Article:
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  52nd ICAAC Interscience Conference on
Antimicrobial Agents and Chemotherapy
September 9-12, 2012, San Francisco
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Tenofovir Replacing AZT of ABC, Keeping 3TC, Suppresses HBV DNA
  52nd ICAAC, September 9-12, 2012, San Francisco

Mark Mascolini

Replacing zidovudine (AZT) or abacavir (ABC) with tenofovir while maintaining lamivudine (3TC) in an antiretroviral regimen made HBV DNA undetectable in almost 90% of HBV/HIV-coinfected patients in Taiwan [1]. Only one person had to stop tenofovir, because of impaired renal function at treatment week 36.

HBV infection is hyperendemic in Taiwan, where for many years 3TC was the only anti-HBV drug used in antiretroviral regimens. As a result, resistance to 3TC often emerged. Researchers from National Taiwan University Hospital in Taipei planned this study to gauge clinical and virologic responses to replacing AZT or ABC in such regimens with tenofovir and maintaining 3TC.

The study focused on 30 HBV/HIV-coinfected people seen between November 2010 and August 2012. All were taking 3TC with ABC or AZT and had a YIDD or YVDD mutation conferring resistance to 3TC. No one had taken any other agents active against HBV. The researchers measured HBV DNA and HBsAg titer 4, 8, 12, 24, 36, and 48 weeks after the switch to tenofovir. They also measured AST, ALT, and total bilirubin every 12 weeks and HBeAg and anti-HBe at week 48.

Median age stood at 44 years in the 30 study participants (range 27 to 65), 29 (97%) were men, and 26 (87%) had HBV genotype B. Median duration of 3TC use was 6.1 years (range 1.0 to 14.2) and median duration of 3TC resistance 2.1 years (range 0.7 to 14.2). Median HBV DNA measured 6.5 log10 copies/mL at the switch to tenofovir (range 2.9 to 9.1), and 21 people (70%) had an HBV load above 100,000 copies.

When switching to tenofovir, 4 study participants (13%) had an AST or ALT more than 2 times the upper limit of normal, 6 (20%) had a hepatitis flare in the year before the study, and 1 had chronic HCV infection. Sex between men was the HIV transmission route in 23 participants (77%); no one reported injection drug use as a transmission risk. Median CD4 count at the switch to tenofovir was 481 (range 37 to 1879), and median HIV load 1.6 log10 copies/mL (under 50 copies, range 1.6 to 4.7).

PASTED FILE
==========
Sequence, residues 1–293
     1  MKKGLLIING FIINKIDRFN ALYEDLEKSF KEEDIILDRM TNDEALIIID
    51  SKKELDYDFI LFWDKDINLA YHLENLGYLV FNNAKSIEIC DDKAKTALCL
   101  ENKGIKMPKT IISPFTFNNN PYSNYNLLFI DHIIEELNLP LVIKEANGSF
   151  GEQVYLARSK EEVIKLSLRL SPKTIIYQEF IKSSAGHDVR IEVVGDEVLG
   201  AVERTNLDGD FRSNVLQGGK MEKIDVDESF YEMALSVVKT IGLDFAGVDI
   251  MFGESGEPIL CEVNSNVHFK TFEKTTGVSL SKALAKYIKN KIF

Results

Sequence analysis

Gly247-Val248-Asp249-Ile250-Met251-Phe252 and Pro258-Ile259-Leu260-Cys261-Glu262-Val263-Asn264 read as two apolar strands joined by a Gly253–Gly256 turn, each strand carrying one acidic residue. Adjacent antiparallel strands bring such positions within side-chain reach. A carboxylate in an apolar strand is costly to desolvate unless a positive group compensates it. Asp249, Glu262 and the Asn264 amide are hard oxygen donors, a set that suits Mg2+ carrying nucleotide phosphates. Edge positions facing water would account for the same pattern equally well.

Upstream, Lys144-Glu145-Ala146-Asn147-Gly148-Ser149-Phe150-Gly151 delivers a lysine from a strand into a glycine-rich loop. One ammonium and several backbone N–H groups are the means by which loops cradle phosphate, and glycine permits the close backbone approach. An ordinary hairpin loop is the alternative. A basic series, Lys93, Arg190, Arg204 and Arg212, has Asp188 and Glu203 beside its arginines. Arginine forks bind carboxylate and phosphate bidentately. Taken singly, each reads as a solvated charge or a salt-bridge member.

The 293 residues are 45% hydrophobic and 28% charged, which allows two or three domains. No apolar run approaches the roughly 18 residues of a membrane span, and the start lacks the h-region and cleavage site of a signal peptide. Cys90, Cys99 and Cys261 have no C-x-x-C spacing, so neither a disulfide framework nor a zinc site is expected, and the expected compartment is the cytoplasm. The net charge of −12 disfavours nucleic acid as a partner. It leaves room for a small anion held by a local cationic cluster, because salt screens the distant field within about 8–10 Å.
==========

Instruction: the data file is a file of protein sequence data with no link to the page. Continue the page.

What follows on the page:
Follow-up on the 30 enrolled patients averaged 44 weeks. At weeks 4, 8, 12, 24, 36, and 48, data were available from 25, 24, 24, 28, 25, and 22 patients. At those points median declines in HBV DNA were 2.2, 3.0, 2.9, 3.8, 4.4, and 4.8 log10 copies/mL. At the same points proportions of people with undetectable HBV DNA (below 128 copies) were 16.7%, 30%, 36.7%, 43.3%, 53.6%, and 87.0%.

One of 11 people tested had HBeAg seroconversion. Median changes in HBsAg titer from baseline at weeks 4, 8, 12, 24, and 48 were -0.1, -0.2, -0.2, -0.1, and -0.2 log10 IU/mL. There was 1 hepatitis flare due to acute HCV infection.

The researchers conclude that adding tenofovir to a regimen containing 3TC in HBV/HIV-coinfected people is highly effective in suppressing HBV replication and treating 3TC-resistant virus.

US guidelines emphasize that 3TC or emtricitabine (FTC) should not be the only anti-HBV drugs in an antiretroviral regimen prescribed for HBV-coinfected people [2]. They caution that "patients who have HIV/HBV coinfection may be at risk of acute exacerbation of hepatitis after initiation or upon discontinuation of TDF, 3TC, or FTC," so patients starting or stopping these drugs should "should be monitored closely for clinical or chemical hepatitis."


1. Lee K, Chang S, Su Y, et al. clinical and virologic outcomes after switch to tenofovir/lamivudine of HIV-infected patients with hepatitis B virus (HBV) resistance to lamivudine in an hyperendemic area for HBV infection. 52nd Interscience Conference on Antimicrobials and Chemotherapy (ICAAC). September 9-12, 2012. San Francisco. Abstract H-218.

2. Panel on Antiretroviral Guidelines for Adults and Adolescents. Guidelines for the use of antiretroviral agents in HIV-1-infected adults and adolescents. Department of Health and Human Services. 1-239. http://www.aidsinfo.nih.gov/ContentFiles/AdultandAdolescentGL.pdf.